The situation wasn’t looking too positive for Gov. Andrew Cuomo as April began and a nightmare scenario — a pandemic seemingly out of control — unfolded before his eyes.
Some of the world’s best epidemiologists predicted tens of thousands of people would require hospital intensive care and connection to life-saving ventilators, but there simply wasn’t enough of the devices to go around.
Among the dozens of companies stepping up to help was a small medical device manufacturer in central Florida. Except it wasn’t offering New York a truckload of ventilators. Instead, Mercury Medical offered a disposable mask it had branded Flow-Safe II, designed as an alternative for patients who depended on air pressure devices to treat conditions like sleep apnea.
Such devices are formally known as continuous positive airway pressure machines — commonly referred to as CPAP machines — and Mercury Medical believed it could make a difference for patients struggling with COVID-19 complications while they wait for a ventilator.
“When you think of CPAP, you typically are talking about a machine that creates pressure to keep your airways open,” said Dr. John Gargaro, chief executive and president of Mercury Medical. “Traditionally, you needed to have a machine to make that work. But seven or eight years ago, we created Flow-Safe, a machine-less CPAP.”
Instead, this specialized mask is connected directly to an oxygen tank, using the flow of that precious gas to create enough pressure to keep airways open. For someone in severe respiratory distress like someone suffering from pneumonia or some other COVID-related symptom, it could be the difference between life and death.
Cuomo liked what he heard coming from Clearwater, Florida, and placed an order for as many masks as he could get his hands on. But there was one problem: A factory in Malaysia that manufactured key components of the mask had shut down because of the coronavirus pandemic, and Mercury Medical couldn’t complete New York’s order without it.
So Gargaro turned to his congressman, U.S. Rep. Charlie Crist, who in turn immediately reached out to the Malaysian government, pushing officials there to deem the factory’s work “essential.” After some prodding, Malaysian officials gave in, allowing the factory to resume operations — but only at half-capacity.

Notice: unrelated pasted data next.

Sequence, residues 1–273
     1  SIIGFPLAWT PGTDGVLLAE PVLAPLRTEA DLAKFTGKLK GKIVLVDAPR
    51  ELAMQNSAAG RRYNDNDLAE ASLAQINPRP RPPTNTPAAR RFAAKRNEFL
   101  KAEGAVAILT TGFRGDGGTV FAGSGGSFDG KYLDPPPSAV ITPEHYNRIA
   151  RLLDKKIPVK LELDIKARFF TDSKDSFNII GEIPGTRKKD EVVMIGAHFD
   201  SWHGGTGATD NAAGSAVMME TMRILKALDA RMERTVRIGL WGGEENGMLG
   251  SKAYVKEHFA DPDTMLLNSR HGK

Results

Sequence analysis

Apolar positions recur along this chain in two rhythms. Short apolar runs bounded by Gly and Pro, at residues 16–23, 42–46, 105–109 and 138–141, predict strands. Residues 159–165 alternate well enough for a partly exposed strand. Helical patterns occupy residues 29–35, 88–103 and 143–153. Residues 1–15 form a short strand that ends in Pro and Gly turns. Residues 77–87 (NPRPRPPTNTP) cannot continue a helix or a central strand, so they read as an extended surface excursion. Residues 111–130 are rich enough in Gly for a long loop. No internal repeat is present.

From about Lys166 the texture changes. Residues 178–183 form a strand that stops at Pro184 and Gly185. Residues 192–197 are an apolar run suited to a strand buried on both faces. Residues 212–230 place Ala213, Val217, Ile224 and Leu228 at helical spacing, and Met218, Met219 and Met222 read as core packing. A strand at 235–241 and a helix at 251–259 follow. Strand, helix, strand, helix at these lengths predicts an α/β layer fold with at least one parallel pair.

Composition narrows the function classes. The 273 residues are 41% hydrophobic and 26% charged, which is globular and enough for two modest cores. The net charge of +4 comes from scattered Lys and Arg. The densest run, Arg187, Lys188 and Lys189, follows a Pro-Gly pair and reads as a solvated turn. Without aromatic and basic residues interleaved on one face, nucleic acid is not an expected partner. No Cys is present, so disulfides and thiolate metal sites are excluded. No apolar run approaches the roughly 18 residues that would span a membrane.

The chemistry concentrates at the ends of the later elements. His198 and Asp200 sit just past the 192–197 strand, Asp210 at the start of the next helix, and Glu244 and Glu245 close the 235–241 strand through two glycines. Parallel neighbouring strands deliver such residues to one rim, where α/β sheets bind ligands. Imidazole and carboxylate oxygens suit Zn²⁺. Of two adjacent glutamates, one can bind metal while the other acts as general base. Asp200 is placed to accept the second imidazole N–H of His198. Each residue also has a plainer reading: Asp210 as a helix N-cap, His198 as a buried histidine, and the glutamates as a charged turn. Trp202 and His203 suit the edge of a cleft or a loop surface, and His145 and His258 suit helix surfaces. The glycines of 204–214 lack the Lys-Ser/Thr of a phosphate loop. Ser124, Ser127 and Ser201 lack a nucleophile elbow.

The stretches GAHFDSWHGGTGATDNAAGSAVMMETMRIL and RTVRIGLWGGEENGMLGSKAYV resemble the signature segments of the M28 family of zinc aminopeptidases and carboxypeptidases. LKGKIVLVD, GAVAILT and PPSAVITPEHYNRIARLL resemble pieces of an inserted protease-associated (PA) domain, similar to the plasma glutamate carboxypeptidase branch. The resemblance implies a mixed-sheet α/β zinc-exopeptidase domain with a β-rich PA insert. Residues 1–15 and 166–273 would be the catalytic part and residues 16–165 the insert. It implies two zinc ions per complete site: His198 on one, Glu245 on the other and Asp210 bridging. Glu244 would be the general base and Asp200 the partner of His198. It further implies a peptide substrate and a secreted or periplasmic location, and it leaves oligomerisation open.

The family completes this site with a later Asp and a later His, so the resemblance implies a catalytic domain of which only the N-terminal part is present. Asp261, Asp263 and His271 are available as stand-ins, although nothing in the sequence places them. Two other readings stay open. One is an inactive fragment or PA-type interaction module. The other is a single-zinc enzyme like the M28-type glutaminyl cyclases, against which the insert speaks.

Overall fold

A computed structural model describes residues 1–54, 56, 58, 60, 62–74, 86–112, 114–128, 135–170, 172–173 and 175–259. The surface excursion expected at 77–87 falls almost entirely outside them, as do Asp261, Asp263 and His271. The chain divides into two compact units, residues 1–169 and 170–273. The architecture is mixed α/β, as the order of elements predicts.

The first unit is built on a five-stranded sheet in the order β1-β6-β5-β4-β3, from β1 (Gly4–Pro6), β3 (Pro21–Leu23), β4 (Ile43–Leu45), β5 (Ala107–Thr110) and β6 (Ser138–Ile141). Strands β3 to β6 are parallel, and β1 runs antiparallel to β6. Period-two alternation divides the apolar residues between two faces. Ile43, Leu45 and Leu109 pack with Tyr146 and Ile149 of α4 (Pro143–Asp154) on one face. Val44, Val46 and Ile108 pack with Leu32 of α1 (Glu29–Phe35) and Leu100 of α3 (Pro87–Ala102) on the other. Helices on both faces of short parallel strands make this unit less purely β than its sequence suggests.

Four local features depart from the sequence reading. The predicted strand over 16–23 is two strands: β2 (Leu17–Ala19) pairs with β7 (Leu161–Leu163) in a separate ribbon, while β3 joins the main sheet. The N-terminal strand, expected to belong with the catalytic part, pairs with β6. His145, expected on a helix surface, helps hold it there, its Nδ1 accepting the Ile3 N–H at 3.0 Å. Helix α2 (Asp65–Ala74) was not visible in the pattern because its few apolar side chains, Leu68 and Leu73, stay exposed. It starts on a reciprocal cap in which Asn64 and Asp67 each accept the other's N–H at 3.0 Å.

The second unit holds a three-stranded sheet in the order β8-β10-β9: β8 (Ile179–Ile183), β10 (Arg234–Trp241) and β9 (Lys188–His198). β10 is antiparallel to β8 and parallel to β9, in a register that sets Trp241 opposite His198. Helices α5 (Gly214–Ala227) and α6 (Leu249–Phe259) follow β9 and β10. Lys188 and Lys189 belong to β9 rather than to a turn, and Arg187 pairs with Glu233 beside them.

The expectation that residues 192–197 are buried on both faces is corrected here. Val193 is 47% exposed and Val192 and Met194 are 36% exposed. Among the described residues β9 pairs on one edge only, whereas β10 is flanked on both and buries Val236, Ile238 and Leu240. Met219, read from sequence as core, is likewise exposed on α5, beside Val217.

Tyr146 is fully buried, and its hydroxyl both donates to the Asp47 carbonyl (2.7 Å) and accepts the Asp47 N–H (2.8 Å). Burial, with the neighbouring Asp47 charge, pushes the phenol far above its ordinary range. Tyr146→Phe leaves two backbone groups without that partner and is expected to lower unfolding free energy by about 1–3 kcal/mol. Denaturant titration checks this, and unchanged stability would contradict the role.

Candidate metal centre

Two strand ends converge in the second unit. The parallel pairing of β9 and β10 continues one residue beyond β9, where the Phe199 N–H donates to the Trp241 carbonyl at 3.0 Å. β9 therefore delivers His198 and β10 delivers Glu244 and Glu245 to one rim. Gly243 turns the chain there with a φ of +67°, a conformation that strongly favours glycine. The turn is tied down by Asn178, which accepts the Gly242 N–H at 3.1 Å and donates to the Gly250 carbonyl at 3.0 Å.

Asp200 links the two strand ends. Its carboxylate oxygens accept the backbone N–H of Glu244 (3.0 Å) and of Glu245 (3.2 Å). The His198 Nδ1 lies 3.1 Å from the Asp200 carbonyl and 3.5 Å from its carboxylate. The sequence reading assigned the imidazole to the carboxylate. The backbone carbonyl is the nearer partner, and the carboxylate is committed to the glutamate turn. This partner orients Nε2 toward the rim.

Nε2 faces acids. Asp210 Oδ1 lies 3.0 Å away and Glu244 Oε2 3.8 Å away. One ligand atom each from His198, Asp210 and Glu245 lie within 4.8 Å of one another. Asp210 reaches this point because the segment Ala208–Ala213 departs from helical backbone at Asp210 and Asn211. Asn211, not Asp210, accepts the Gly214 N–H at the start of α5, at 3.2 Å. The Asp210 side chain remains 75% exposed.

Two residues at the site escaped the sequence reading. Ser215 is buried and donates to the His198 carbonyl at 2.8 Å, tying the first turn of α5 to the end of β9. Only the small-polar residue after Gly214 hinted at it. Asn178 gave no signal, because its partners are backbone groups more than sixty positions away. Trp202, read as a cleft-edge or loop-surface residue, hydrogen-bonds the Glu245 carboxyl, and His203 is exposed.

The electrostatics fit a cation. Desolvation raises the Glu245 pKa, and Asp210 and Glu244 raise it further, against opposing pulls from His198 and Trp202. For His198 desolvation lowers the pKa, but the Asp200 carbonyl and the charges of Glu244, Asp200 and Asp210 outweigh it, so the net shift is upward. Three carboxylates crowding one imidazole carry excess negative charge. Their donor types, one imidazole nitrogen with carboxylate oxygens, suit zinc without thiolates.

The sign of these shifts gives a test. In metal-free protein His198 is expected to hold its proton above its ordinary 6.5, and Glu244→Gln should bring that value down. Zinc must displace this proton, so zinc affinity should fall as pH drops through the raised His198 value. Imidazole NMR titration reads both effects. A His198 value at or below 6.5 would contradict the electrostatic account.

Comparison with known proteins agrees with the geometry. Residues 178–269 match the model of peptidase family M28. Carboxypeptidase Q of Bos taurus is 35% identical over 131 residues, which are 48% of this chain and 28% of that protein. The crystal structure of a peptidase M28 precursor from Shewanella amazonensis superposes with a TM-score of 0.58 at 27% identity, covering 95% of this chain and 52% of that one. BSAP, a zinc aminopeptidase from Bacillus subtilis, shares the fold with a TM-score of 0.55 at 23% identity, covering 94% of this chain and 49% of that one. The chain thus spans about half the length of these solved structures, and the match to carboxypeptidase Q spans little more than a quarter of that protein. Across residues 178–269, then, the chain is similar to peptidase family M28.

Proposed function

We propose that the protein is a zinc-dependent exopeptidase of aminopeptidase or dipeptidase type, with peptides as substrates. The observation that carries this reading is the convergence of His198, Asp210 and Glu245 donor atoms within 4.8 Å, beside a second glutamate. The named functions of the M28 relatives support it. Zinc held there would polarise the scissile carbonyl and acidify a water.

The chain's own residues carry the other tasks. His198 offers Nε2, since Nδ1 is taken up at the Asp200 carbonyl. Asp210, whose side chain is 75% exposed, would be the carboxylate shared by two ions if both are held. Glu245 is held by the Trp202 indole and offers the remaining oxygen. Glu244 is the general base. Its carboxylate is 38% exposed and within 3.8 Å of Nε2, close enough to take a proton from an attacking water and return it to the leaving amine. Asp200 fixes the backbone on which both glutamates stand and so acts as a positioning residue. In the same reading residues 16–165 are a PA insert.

“Here we are in the middle of this spike in demand for our respiratory care products to the likes we have never seen, and our contracted manufacturer was not only down for two weeks, but now can only operate at 50 percent capacity,” Gargaro said.
That just wasn’t going to work. Unfortunately, Crist had exhausted his contacts in Malaysia. But the former Florida governor had one more weapon up his sleeve: New York congressional colleague Eliot Engel.
“We immediately engaged the Malaysian government through its embassy in Washington, and asked them to step in with this factory,” Engel’s aides told The Riverdale Press. “Factory workers are working in close conditions, and what they are doing isn’t essential to Malaysia, they told us. That factory might not be essential for Malaysia, but it certainly was essential for us.”
That argument seemingly won over Kuala Lumpur, and within days, the Malaysian factory was running at 100 percent.
“We really appreciate Mr. Engel’s work on this,” Gargaro said. “Whatever it is he did, all of a sudden, the tide turned, and we were back in business.”
With a little help from JetBlue, hundreds of completed masks departed Tampa and were flown to New York. While social distancing and other measures appeared to have curbed the spread of the coronavirus in New York by that point, Cuomo still publicly thanked both Mercury Medical and JetBlue for stepping up last month and getting the masks to the COVID-19 hotspot.
“Elected officials have a responsibility right now to do all they can to ease the burden of this deadly pandemic,” Engel told The Press, in a statement. “As chairman of the Foreign Affairs Committee, I’m committed to using my relationships with American diplomats and governments around the world to clear roadblocks, whether to help Americans return home, or to import critical medical equipment.”
As a former surgeon, Gargaro says it’s hard to see people suffer anywhere without looking for a way to treat it. Seeing what was happening to New York in the early days of the pandemic was enough to keep him awake at night.
“You don’t often get opportunities to help people like this,” Gargaro said. “But then, there is something we make, and here is a city that is drowning, and we actually have a product that can help them. This was something we were able to make work, with a little help from Washington, and hopefully it helped.”